Shoe Dog: A Memoir by the Creator of NIKE by Phil Knight
My rating: 5 of 5 stars
Most business biographies are interesting but not necessarily helpful. They can feel remote from the front-line experience of most of us. This one is different.
Nike is a global phenomenon, of course, and it’s easy to see its success as inevitable now – so it’s revelatory to discover this often painfully honest, self-deprecating version of the real story from its founder, Phil Knight.
It can be very lonely being an entrepreneur. There’s a conspiracy of silence around what success is really like, which makes it easy to feel uniquely unsuccessful – we love stories of success, we like to associate with success, and therefore every company must portray itself as successful if it’s to win customers and keep the confidence of its suppliers and shareholders. Knight has no skin in the game now, nothing to prove, and his generous gift in this book is to reveal that one of the world’s most iconic brands began as shakily as any startup. Repeatedly in those early years it was on the brink of failure: debt, cashflow, quality issues, shaky supplier relationships, personal tragedy, it’s all here.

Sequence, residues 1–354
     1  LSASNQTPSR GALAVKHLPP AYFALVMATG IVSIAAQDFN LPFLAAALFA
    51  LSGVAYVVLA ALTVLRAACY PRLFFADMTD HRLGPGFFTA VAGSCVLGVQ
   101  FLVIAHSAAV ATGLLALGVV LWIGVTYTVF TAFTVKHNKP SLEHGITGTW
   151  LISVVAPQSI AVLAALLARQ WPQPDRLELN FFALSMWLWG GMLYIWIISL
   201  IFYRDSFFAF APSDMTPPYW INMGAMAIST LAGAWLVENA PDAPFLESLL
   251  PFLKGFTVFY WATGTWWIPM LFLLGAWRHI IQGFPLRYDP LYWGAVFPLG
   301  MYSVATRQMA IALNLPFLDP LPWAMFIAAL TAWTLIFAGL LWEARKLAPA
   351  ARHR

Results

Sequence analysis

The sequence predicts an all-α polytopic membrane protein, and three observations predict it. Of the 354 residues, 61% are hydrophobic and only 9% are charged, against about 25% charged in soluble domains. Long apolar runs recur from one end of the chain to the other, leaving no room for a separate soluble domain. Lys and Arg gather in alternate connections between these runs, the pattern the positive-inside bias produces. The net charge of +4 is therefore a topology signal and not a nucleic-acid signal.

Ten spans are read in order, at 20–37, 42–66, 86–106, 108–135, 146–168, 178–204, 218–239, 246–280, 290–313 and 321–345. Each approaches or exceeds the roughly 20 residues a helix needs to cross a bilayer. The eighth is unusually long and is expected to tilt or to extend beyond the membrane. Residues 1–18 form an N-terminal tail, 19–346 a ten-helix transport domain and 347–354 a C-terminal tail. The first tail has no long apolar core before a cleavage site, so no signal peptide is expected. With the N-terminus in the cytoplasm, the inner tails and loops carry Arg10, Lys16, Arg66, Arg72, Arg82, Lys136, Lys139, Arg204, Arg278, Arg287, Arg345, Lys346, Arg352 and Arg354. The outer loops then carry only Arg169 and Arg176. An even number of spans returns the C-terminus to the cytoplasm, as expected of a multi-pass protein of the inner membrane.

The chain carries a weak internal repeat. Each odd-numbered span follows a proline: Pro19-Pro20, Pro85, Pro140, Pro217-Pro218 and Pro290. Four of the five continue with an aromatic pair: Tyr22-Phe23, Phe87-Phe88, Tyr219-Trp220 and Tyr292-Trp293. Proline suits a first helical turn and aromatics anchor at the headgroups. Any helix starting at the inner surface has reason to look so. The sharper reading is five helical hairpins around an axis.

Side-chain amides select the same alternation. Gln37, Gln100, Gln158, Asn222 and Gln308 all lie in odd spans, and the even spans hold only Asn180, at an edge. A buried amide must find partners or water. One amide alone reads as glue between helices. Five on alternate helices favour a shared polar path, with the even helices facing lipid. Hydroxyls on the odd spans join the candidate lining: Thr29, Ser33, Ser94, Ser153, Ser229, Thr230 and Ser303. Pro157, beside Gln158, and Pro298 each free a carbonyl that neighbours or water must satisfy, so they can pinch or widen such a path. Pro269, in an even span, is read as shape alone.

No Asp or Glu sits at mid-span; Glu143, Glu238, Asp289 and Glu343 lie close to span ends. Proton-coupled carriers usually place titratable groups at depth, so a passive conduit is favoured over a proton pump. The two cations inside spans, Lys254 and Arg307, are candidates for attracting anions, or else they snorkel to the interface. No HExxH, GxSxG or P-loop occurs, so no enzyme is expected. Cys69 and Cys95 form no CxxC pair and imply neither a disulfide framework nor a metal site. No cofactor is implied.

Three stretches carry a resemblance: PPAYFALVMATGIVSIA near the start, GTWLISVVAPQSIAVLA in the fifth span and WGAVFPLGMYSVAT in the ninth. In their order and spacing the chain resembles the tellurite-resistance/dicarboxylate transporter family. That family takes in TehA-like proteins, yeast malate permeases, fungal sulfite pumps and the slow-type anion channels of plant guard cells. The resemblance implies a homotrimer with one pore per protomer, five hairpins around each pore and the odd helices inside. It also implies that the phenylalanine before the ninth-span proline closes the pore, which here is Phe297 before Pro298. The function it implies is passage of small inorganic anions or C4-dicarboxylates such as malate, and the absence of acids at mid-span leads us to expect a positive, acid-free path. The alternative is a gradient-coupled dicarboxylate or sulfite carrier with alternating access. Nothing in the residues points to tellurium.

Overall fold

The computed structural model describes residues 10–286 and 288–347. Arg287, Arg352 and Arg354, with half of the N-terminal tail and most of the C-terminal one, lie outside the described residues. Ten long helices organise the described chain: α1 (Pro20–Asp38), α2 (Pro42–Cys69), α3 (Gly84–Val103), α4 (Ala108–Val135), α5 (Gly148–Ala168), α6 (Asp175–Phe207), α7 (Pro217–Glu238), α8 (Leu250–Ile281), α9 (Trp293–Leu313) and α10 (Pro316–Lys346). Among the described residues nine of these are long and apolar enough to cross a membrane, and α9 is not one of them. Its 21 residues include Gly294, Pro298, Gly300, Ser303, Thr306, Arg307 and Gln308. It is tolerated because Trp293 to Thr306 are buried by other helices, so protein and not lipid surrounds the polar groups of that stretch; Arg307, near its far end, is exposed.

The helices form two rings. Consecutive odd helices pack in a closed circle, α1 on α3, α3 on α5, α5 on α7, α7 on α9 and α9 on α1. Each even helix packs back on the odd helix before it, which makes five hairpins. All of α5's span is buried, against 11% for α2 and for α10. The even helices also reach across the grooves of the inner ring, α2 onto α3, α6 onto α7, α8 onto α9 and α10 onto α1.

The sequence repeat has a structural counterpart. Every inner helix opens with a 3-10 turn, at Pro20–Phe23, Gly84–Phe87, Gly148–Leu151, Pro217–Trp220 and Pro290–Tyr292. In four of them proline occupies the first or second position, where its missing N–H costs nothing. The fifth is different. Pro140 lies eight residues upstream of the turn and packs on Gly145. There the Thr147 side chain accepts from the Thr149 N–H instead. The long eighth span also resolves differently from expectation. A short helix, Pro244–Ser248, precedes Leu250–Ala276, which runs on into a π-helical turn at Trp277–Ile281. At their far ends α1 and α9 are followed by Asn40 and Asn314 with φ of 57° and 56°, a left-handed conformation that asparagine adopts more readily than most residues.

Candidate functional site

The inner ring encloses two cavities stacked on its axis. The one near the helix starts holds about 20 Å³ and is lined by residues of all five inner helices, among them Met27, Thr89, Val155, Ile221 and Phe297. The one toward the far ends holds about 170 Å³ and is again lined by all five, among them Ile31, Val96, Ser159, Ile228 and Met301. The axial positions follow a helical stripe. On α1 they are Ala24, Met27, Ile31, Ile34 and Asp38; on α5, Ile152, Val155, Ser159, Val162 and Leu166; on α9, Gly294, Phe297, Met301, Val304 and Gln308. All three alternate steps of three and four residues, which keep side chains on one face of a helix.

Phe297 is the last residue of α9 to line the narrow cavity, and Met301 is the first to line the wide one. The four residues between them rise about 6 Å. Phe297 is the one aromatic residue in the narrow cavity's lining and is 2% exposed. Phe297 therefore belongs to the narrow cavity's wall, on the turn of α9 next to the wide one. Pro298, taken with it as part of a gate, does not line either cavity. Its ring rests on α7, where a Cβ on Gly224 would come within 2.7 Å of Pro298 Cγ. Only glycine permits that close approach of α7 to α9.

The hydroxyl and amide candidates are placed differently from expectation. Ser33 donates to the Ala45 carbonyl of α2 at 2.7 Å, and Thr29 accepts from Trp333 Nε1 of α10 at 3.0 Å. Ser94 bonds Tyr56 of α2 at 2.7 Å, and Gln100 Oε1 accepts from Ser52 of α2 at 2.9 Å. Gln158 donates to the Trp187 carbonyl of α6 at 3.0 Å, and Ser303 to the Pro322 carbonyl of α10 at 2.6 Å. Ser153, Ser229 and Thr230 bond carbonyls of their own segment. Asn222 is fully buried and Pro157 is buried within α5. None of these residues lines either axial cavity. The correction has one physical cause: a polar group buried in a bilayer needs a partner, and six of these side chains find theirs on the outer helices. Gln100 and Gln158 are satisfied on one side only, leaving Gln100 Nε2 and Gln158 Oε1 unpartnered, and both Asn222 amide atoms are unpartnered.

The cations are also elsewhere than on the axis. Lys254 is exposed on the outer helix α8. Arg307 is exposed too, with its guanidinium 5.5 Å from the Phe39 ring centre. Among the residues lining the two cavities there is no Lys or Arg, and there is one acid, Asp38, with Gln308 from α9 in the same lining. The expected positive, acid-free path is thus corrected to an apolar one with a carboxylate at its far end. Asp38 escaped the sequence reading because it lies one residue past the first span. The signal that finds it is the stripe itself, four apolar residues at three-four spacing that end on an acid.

The company was forged and sustained by the passion, vision and chutzpah of Knight and his (brilliantly dysfunctional) partners and founding team – especially Bill Bowerman, who famously destroyed his wife’s waffle iron in an early attempt to create what became Nike’s signature lightweight, grippy sole – the faith of the early supporters, and a hefty slice of raw dumb luck.
The book was ghostwritten by Pulitzer-winning journalist J. R. Moehringer and is a masterclass in business writing: the story is as compelling as any novel, and Knight’s inner life as real to the reader as any fictional hero.
It’s also a masterclass in brand storytelling: I, like any other runner who’s read this, will feel differently as we lace up our Nike shoes. They’re not just shoes any more, there’s an emotional connection there. I’m inspired as a runner, but more importantly as an entrepreneur I’m encouraged and feeling something of the Nike fire in my own belly.
This is one of the great business biographies and I cannot recommend it highly enough.
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